Thinking of Starting Loop?
What is Loop?
Loop is an app you build yourself and load on your iPhone (or iPod) that uses a compatible continuous glucose monitor (CGM) and a compatible pump. While there are several compatible CGMs and pumps, most Loopers are currently using Dexcom G6 as their CGM and are quickly migrating from Dexcom Eros to DASH pods now that Loop 3 has been released.
Put simply, Loop makes dosing decisions every 5 minutes, so that you don’t have to.
What Should I Expect from this Starting Loop Series?
Many potential Loopers follow along on FaceBook, read LoopDocs and watch our YouTube Channel and are still not sure where to start. The goal of this series is to help you can move from lurking to Looping by breaking the information into smaller bite-sized pieces.
Loop is a Do-It-Yourself (DIY) project but not a Do-It-Alone project. There is a wonderful community of mentors happy to help.
We hope you find these articles informative and helpful as you begin your Loop journey.
Is Loop for Me?
Loop requires a substantial commitment to learning and understanding the technology, processes, algorithms, and troubleshooting flows.
Loop is NOT for everyone. But everyone who wants to Loop can find help from many volunteers in the Looping community.
Read this introduction, decide if you want to continue, and, if you do, welcome aboard.
What You do NOT Need to Loop:
What you DO Need to Build and Use Loop:
- You need to be able to read and follow instructions
- You need to make a commitment to carefully test your settings and adjust them
- You need to make a commitment to coming back to the support forums on a regular basis to see if there are any important safety updates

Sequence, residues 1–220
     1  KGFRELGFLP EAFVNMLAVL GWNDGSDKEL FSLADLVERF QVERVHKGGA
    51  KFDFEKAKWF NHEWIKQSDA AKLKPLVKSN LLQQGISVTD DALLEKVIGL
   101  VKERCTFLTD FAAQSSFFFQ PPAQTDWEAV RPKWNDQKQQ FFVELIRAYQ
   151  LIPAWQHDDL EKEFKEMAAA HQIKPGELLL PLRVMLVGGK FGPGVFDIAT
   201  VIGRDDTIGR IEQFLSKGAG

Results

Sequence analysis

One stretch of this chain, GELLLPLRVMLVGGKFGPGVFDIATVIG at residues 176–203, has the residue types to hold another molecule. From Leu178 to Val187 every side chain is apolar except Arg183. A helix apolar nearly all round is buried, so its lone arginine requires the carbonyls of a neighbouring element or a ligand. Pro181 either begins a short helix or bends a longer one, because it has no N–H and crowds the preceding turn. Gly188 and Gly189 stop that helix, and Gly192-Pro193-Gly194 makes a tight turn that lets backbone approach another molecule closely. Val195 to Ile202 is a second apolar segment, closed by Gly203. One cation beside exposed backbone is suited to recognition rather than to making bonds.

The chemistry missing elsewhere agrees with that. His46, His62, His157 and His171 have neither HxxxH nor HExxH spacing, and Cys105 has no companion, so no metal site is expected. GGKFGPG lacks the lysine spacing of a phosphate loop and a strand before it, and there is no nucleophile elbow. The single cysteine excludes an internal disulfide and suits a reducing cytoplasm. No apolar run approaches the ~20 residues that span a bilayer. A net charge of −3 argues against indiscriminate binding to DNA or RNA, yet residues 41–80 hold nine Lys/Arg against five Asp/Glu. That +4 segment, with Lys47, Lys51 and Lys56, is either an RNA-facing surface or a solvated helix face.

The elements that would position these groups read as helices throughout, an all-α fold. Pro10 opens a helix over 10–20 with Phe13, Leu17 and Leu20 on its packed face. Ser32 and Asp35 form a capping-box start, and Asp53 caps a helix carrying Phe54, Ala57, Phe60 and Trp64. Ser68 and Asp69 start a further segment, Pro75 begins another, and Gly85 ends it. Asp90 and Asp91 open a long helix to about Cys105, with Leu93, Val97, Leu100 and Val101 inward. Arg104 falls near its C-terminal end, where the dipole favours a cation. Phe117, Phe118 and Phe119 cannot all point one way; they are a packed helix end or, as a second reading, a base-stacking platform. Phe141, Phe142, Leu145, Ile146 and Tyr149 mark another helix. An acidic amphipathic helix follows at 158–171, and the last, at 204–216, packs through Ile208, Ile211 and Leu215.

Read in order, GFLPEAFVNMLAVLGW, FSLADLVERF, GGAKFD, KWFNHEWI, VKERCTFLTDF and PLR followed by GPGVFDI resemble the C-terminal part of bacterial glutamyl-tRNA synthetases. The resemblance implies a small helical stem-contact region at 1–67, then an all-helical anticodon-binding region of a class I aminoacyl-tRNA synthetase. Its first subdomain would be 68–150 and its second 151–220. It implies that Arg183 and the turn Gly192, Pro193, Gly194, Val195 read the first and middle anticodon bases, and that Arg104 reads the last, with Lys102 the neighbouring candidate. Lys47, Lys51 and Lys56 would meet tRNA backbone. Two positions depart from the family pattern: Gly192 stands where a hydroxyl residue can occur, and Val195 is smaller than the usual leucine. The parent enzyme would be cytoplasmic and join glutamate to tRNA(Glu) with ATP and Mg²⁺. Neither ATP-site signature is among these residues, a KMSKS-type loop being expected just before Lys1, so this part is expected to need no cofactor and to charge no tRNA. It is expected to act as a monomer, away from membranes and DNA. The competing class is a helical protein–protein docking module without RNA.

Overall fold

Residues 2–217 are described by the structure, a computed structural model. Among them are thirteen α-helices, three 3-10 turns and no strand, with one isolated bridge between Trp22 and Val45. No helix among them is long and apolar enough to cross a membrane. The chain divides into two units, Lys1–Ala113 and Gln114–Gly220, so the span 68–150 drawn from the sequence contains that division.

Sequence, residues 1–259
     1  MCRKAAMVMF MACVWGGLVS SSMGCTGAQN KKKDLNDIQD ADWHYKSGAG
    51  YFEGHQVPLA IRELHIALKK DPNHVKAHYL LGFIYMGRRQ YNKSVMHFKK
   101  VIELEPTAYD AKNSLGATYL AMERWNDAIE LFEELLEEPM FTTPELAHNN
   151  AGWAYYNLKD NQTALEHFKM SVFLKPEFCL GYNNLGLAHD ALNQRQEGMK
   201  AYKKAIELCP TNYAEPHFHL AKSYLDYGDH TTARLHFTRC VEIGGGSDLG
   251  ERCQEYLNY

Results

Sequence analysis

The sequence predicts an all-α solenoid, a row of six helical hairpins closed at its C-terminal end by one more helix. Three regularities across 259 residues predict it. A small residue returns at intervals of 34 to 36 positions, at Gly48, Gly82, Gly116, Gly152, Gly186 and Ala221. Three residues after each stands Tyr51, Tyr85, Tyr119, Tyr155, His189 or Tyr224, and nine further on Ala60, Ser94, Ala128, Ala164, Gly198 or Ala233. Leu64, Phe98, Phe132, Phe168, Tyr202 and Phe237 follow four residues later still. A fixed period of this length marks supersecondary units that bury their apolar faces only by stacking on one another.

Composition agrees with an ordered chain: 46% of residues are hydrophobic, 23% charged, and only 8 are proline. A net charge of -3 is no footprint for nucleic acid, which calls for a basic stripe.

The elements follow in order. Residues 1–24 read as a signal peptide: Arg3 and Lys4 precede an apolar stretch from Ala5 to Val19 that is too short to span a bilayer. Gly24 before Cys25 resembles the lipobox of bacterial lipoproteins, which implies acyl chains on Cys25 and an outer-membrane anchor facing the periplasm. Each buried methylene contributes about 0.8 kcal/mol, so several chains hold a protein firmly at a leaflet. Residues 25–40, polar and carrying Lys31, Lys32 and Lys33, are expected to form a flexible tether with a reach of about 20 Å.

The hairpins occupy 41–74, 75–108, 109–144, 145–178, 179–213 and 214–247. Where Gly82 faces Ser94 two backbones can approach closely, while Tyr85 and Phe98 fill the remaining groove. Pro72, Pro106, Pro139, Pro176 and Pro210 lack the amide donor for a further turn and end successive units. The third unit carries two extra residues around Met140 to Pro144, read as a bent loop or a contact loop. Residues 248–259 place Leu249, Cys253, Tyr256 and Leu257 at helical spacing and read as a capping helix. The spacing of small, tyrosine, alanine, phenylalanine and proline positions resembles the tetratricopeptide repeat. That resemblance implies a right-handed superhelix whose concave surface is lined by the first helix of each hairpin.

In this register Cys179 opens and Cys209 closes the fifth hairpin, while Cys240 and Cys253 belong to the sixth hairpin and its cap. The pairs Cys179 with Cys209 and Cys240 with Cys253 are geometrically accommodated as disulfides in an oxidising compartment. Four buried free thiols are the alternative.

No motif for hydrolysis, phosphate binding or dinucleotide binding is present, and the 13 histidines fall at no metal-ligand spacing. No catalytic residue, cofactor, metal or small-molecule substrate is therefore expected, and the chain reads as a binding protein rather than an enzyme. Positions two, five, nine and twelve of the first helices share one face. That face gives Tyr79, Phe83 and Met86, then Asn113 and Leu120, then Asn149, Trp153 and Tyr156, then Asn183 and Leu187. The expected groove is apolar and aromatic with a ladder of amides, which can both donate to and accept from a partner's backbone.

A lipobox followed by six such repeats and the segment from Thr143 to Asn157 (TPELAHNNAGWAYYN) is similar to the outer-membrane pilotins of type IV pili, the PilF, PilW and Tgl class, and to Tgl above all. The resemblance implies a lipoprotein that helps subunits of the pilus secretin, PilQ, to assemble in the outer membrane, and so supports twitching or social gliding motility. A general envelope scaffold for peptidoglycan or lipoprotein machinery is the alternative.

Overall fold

- You need to know how to troubleshoot and where to find the most current troubleshooting information
- You need to know how to turn-off auto-updating on your phone iOS
You may notice there is a lot of “You” in the above. That is because you should not Loop unless you commit to staying up-to-date on Loop. Best practice: at least once a week, you should be going to your favorite support forum and reading the posts, visiting the Loop and Learn Home Page and reading the Announcements, or signing up for the Newsletter.
If, after reading the documentation here, you decide building Do-It-Yourself Loop is not for you, THAT’S OKAY!
There are other options available now. Medtronic was first to market with a hybrid closed loop using their pumps and sensors. Control-IQ and Basal-IQ are available for the T-Slim pumps from Tandem Diabetes for users of the Dexcom G6 CGM. Insulet has their version of hybrid closed loop with the Omnipod 5. (Note: while both Loop and other DIY choices use Eros or DASH pods; the Omnipod 5 pods are different and there are no DIY solutions that use those pods.)
If you are weighing the pros and cons of Loop compared to a commercial system, before going any further, check out these blogs written by two of the community’s most experienced Loopers:
- SeeMyCGM about transitioning from Loop to a Tandem product.
- CustomTypeOne Blog about transitioning from Loop to Omnipod 5.
We also have a YouTube Playlist on Omnipod 5.
Not interested in investing in the Apple ecosystem?
There are also Android options. The Android and commercial options are outside the scope of this Starting Loop series. Choosing Your DIY highlights the differences among the various options and provides links to Android APS, as well as another iPhone option based upon the same algorithim as Android APS, known as FreeAPS -X.